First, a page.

28 Jun 2019
GS Paper 1
Explain cloud seeding, along with its applications, challenges, and concerns. (250 words)
- Explain Cloud seeding.
- State its applications.
- List the challenges and suggest ways in which they can be tackled.
- Cloud Seeding: Cloud seeding is an artificial way to induce moisture in the clouds so as to cause rainfall. It is done by spreading either dry ice, or more commonly, silver iodide aerosols, into the upper part of clouds.
- There are three cloud seeding methods-
- Hygroscopic cloud seeding disperses salts through flares or explosives in the lower portions of clouds. The salts grow in size as water joins with them.
- Static cloud seeding involves spreading a chemical like silver iodide into clouds. The silver iodide provides a crystal around which moisture can condense.
- Dynamic cloud seeding aims to boost vertical air currents, which encourages more water to pass through the clouds, translating into more rain.
- Agriculture: It creates rain, providing relief to drought-stricken areas. E.g.: ‘Project Varshadhari’ in Karnataka in 2017.
- Power Generation: Cloud seeding experiments have shown to augment production of hydroelectricity during the last 40 years in Tasmania, Australia.
- Water Pollution Control: Cloud seeding can help to maintain minimum summer flow of the rivers and dilute the impact of treated wastewater discharges from municipalities and industries.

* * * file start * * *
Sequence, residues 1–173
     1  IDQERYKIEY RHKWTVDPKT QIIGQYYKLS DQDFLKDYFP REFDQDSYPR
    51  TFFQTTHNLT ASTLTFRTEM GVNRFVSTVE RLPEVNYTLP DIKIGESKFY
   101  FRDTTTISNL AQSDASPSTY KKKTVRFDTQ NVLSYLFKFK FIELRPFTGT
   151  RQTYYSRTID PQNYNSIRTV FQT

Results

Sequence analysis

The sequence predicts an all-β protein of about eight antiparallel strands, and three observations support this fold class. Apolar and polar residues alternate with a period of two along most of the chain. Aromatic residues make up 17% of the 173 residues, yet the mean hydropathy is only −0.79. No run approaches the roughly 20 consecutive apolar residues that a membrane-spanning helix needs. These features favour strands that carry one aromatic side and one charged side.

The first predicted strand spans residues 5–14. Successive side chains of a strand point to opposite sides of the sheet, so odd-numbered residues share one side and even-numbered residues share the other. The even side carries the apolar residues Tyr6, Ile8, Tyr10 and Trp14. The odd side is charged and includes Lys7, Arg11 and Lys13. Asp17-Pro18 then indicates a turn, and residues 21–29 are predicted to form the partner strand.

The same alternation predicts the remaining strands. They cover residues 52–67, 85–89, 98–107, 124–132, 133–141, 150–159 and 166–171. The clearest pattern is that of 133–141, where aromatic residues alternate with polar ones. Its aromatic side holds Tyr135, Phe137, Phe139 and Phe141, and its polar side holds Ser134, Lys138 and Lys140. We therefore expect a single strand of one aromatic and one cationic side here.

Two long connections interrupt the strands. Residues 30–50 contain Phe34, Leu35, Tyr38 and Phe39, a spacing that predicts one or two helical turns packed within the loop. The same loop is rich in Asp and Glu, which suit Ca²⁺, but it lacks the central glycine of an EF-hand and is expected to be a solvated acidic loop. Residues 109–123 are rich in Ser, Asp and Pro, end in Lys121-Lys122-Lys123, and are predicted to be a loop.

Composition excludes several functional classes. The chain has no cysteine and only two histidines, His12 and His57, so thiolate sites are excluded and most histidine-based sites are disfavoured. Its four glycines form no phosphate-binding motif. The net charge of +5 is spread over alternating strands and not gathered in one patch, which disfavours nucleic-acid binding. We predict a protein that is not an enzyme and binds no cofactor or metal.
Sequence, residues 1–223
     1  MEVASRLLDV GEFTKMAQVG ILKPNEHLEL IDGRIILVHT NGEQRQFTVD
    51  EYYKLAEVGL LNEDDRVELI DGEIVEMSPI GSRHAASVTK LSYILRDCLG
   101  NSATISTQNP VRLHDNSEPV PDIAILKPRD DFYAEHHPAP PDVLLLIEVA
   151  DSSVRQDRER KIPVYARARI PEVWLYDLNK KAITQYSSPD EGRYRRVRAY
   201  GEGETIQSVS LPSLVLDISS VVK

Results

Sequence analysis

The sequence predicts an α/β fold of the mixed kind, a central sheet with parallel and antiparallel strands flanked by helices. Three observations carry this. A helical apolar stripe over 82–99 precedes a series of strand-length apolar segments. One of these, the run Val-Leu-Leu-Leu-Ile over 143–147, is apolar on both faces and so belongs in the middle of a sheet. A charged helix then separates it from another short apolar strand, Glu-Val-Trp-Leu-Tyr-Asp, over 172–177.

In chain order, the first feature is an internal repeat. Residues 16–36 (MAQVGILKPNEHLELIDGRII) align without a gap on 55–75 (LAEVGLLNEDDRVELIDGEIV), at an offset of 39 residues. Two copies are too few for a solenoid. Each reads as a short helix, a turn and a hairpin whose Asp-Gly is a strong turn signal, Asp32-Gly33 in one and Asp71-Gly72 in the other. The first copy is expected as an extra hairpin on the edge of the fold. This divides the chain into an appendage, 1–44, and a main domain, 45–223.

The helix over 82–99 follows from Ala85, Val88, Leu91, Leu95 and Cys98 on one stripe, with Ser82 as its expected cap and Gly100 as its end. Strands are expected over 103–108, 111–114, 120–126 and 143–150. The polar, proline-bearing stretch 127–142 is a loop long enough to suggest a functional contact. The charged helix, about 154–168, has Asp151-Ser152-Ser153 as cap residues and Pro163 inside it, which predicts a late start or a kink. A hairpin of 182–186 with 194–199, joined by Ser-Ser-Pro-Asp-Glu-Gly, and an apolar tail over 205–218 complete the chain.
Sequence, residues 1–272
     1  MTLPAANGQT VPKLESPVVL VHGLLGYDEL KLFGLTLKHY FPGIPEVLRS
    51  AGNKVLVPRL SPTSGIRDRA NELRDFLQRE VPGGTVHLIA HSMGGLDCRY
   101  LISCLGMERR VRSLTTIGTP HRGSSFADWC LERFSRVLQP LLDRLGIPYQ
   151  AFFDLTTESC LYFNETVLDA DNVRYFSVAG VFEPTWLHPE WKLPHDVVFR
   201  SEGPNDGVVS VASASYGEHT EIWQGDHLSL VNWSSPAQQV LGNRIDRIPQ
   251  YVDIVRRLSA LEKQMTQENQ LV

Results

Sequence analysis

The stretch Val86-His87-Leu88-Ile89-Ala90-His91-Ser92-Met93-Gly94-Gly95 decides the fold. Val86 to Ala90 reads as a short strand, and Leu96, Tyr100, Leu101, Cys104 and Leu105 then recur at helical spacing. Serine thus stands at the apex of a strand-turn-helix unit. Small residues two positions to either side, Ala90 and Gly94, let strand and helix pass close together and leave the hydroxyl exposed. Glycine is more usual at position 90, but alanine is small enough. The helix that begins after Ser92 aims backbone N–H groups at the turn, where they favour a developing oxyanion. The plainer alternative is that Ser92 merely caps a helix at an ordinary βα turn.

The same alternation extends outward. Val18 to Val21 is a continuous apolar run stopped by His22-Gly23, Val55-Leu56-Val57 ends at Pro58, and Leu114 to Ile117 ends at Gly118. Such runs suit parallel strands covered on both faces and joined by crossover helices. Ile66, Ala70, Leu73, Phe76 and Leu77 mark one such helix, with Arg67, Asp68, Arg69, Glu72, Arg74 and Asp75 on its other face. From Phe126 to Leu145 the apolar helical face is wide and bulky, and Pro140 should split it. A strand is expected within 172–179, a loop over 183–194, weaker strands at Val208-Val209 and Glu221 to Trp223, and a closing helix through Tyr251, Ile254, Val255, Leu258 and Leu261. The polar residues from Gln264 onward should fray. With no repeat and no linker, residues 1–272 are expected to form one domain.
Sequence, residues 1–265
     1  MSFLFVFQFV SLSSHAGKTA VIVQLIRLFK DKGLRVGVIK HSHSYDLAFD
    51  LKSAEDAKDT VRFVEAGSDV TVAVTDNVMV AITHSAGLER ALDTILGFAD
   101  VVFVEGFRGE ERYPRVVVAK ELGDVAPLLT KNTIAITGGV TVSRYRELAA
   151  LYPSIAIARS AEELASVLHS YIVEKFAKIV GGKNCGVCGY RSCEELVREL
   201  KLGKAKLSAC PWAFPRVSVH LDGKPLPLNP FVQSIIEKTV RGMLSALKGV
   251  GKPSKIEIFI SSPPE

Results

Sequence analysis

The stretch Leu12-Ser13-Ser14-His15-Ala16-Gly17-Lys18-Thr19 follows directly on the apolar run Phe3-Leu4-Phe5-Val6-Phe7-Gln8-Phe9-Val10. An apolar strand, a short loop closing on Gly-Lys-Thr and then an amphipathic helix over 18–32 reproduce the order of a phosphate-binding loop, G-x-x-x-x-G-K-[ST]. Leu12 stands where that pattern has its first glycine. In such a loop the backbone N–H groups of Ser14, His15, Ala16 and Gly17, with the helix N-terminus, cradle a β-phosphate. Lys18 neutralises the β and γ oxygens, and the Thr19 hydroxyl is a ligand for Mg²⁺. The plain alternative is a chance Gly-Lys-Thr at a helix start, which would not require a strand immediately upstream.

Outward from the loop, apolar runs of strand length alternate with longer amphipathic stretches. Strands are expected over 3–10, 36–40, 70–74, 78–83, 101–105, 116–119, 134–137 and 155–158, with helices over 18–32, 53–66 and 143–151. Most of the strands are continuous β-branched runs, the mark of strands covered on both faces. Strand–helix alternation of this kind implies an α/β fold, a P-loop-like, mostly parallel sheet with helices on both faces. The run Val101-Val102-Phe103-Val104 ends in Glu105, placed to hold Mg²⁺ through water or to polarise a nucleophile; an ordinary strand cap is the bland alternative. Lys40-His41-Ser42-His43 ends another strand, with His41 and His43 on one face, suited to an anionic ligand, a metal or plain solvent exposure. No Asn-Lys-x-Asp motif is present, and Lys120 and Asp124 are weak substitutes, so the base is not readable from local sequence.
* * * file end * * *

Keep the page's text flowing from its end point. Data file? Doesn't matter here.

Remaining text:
- Fog Dispersal, Hail Suppression, and Cyclone Modification: “Project Sky Water” of U.S.A. in 1962 for weather modification through cloud seeding aimed at fog dispersal, hail suppression, and cyclone modification. During the winter the cloud seeding programme is used to increase the mountain snowpack so that additional runoff is received during the spring melt season. The seeding of cumulus clouds is to provide increased annual rainfall directly on the land.
- Tackle Air Pollution: Cloud seeding can potentially be used to settle down toxic air pollutants through the rain. E.g.: recently, Central Pollution Control Board along with other researchers was mulling use of cloud seeding to tackle Delhi’s air pollution.
- Tourism: Cloud seeding can transform typically dry areas much more hospitable to enhance tourism.
- Potential Side-effects: The chemicals used in cloud seeding might be potentially harmful. It does have the potential to harm plants, animals and people, or the environment as a whole.
- Abnormal Weather Patterns: It might ultimately change climatic patterns on the planet. Places that normally receive moisture might start experiencing drought due to the artificial process of adding chemicals to the atmosphere to stimulate rain.
- Expensive: It involves processes such as delivering chemicals to the sky and releasing them into the air by flare shots or airplanes, which involves huge costs and logistic preparation.
- Pollution: As the artificial rain falls, seeding agents like silver iodide, dry ice or salt will also fall. Residual silver discovered in places near cloud-seeding projects are considered toxic. As for dry ice, it can also be a source of greenhouse gas that contributes to global warming, as it is basically carbon dioxide.
Despite several concerns and challenges, cloud seeding as a process is still into early developmental stages and therefore more research and study needs to be done. In the context of global warming, extreme climatic events, agricultural distress, cloud seeding as a solution cannot be rejected.